1. Data collection: Ascertainment bias is an inherent problem in non-probability sampling designs like convenience samples and self-selection samples. These samples are often biased, and inferences based on them are not as trustworthy as when a random sample is used.
  1. Lack of blinding: In experimental designs, it is important that neither the researchers nor the participants know participant group assignments. For example, if a participant knows that they are receiving a placebo, they are less likely to report benefits related to the placebo effect. As a result, the comparison between the treatment and the control group will be distorted.

Ascertainment bias examples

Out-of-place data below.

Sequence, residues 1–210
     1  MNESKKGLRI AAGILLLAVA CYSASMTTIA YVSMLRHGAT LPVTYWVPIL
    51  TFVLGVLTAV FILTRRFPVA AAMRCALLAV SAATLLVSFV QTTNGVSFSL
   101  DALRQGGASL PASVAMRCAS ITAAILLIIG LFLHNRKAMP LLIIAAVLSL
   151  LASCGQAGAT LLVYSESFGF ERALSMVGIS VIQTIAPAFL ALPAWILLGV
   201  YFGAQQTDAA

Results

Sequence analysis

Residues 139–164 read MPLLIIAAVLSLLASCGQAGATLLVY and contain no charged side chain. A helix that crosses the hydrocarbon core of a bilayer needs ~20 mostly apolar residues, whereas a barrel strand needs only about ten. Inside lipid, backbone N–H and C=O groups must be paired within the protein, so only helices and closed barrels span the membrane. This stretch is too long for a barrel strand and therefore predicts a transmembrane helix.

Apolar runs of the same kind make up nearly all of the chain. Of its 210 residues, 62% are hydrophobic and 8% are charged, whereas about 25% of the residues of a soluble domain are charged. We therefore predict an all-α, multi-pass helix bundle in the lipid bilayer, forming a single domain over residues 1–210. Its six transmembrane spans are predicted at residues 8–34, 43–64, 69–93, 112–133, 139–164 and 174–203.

Example: Biased data collection
In the early days of the COVID-19 pandemic, ascertainment bias played a role in the mortality rates reported.

As there were not enough testing kits at the time, the virus was being detected though individuals who had severe enough symptoms to go to the ER.

However, it is likely that there were many asymptomatic patients who were not tested. As testing kits became widely available, more asymptomatic patients were identified, and the death rate associated with the virus decreased.

In medical research, this type of ascertainment bias occurs when there is more intense surveillance or screening for an outcome, like mortality, among the exposed (serious COVID cases) than among the unexposed (asymptomatic cases).

Blinding is an important methodological feature of placebo-controlled trials to minimise research bias and maximise the validity of the research results.

Example: Lack of blinding
Suppose a researcher uses random assignment to assign clinical trial participants to the treatment (A) and control (B) groups.